OPINION: Decommissioning Liabilities – an alternative

Tom Baxter, senior lecturer in chemical engineering at Aberdeen University.
Tom Baxter, senior lecturer in chemical engineering at Aberdeen University.
Tom Baxter
Opinion by Tom BaxterSenior Lecturer, Chemical Engineering, Aberdeen University

Concerns surrounding decommissioning liabilities have been around for many years – particularly the angst caused by the phrase ‘liable in perpetuity’.

Consider the scenario where small operating company has decommissioned an asset and in 30-50 years time a well plug is breached and a leak is detected – what happens? What is the probability of company still being in existence – very small I would suggest. So who undertakes any required remedial works when there is no one around to take ownership? Lawyers pointing fingers and pontificating around responsibilities.

Inevitably it will fall onto the state (the taxpayer) to organise and fund the necessary works. So shouldn’t we face up to that scenario now and accept that ‘in perpetuity’ by default will in many instances fall to the state. There is though an opportunity here for the government. The government could accept the liability for a fee from the decommissioning company, thereby generating cash for the Treasury.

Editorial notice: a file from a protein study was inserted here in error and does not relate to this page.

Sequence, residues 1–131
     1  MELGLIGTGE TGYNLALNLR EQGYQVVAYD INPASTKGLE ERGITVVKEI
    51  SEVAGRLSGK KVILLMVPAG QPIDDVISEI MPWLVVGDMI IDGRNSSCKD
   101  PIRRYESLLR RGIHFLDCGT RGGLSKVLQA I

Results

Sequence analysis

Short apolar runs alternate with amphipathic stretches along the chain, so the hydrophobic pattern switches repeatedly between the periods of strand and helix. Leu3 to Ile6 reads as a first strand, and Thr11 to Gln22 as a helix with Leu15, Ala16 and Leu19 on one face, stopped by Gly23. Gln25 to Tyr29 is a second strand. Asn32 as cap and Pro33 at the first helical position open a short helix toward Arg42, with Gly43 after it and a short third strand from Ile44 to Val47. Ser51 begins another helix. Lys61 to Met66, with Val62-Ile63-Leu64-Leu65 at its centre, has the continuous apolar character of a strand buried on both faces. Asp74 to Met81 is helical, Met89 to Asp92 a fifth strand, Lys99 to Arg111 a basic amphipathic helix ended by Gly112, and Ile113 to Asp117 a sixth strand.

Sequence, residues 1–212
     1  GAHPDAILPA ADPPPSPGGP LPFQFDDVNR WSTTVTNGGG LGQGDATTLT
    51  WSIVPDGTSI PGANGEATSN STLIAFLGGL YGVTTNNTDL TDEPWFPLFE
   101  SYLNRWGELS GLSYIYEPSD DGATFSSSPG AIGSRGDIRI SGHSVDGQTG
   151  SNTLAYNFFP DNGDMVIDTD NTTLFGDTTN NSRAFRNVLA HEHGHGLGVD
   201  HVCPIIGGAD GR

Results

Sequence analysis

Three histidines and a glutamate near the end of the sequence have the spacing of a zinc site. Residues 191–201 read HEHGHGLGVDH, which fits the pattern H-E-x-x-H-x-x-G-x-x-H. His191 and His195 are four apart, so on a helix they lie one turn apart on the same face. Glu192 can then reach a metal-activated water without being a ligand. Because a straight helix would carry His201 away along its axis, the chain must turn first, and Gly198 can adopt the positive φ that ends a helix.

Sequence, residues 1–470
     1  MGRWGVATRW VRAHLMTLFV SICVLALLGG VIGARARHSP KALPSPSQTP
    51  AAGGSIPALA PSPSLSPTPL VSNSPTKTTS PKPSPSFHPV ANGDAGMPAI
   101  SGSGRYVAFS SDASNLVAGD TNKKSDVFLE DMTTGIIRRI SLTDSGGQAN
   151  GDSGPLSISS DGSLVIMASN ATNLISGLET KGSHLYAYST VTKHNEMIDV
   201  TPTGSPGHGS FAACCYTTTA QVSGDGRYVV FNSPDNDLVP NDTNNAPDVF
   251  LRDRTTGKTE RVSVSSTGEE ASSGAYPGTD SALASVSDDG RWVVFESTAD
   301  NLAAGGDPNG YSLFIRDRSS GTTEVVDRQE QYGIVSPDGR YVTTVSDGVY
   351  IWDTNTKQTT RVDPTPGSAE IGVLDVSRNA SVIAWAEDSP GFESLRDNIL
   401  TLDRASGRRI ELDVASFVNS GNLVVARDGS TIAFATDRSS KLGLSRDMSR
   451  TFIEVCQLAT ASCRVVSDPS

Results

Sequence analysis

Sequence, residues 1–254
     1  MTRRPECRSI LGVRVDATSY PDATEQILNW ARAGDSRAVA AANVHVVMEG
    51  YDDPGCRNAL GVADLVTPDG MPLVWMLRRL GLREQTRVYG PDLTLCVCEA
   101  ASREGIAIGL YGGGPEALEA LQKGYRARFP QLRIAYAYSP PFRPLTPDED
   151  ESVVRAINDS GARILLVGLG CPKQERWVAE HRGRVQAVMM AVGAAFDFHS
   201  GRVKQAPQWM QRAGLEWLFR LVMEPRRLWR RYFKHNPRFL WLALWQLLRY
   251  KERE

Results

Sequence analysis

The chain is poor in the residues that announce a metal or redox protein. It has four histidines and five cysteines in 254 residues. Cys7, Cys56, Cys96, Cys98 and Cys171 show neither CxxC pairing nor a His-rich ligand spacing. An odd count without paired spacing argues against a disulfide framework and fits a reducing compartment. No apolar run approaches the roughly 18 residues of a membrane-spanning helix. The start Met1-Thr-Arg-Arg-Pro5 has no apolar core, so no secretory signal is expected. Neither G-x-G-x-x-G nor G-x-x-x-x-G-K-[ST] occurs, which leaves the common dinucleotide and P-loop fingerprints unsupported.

Clearly there are risks here for the Government, but like any other business, risks have to be quantified. What is the probability and consequence of a loss of containment and how much would it cost to fix? What might the leak look like?

Thoughts of a Macondo can be quickly dispelled. The reason the operator has abandoned the field will be a lack of energy to support production. Since there is little to no positive pressure in the abandoned well, a loss of containment is therefore likely to be a weep – not a gushing blowout.

Throughout their operational life many fields will be disposing of produced water to the sea. For a field producing 100,000 barrels per day of water (not unusual), that field will have been disposing of around 0.4 tonnes/day of oil to sea.

This is deemed an environmentally acceptable level. Will the weep be any worse than what we have been prepared to accept for the past 30 years? There are many other unanswered questions.

The government, though, has to face up to the inevitable and put this minefield to rest.